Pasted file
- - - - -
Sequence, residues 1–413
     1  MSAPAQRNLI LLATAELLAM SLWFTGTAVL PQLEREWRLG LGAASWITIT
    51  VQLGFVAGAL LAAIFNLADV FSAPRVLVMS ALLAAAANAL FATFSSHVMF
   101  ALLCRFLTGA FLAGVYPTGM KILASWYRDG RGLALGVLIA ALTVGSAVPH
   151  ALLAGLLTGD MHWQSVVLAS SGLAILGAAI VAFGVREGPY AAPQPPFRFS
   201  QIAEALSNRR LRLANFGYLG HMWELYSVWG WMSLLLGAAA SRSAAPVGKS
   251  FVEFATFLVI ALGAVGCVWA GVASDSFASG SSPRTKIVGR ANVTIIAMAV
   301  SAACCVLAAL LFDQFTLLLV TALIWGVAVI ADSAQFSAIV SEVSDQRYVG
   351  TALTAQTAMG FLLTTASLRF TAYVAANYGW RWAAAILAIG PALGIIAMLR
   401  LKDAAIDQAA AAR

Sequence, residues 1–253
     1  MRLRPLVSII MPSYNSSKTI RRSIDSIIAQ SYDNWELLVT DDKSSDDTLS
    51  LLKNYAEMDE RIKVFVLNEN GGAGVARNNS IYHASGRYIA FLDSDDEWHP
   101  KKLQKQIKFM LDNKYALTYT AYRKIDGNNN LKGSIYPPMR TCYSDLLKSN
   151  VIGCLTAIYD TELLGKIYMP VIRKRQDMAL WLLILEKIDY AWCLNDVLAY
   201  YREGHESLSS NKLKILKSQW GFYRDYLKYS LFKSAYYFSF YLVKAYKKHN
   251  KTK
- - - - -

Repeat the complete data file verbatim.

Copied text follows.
Sequence, residues 1–413
     1  MSAPAQRNLI LLATAELLAM SLWFTGTAVL PQLEREWRLG LGAASWITIT
    51  VQLGFVAGAL LAAIFNLADV FSAPRVLVMS ALLAAAANAL FATFSSHVMF
   101  ALLCRFLTGA FLAGVYPTGM KILASWYRDG RGLALGVLIA ALTVGSAVPH
   151  ALLAGLLTGD MHWQSVVLAS SGLAILGAAI VAFGVREGPY AAPQPPFRFS
   201  QIAEALSNRR LRLANFGYLG HMWELYSVWG WMSLLLGAAA SRSAAPVGKS
   251  FVEFATFLVI ALGAVGCVWA GVASDSFASG SSPRTKIVGR ANVTIIAMAV
   301  SAACCVLAAL LFDQFTLLLV TALIWGVAVI ADSAQFSAIV SEVSDQRYVG
   351  TALTAQTAMG FLLTTASLRF TAYVAANYGW RWAAAILAIG PALGIIAMLR
   401  LKDAAIDQAA AAR

Sequence, residues 1–253
     1  MRLRPLVSII MPSYNSSKTI RRSIDSIIAQ SYDNWELLVT DDKSSDDTLS
    51  LLKNYAEMDE RIKVFVLNEN GGAGVARNNS IYHASGRYIA FLDSDDEWHP
   101  KKLQKQIKFM LDNKYALTYT AYRKIDGNNN LKGSIYPPMR TCYSDLLKSN
   151  VIGCLTAIYD TELLGKIYMP VIRKRQDMAL WLLILEKIDY AWCLNDVLAY
   201  YREGHESLSS NKLKILKSQW GFYRDYLKYS LFKSAYYFSF YLVKAYKKHN
   251  KTK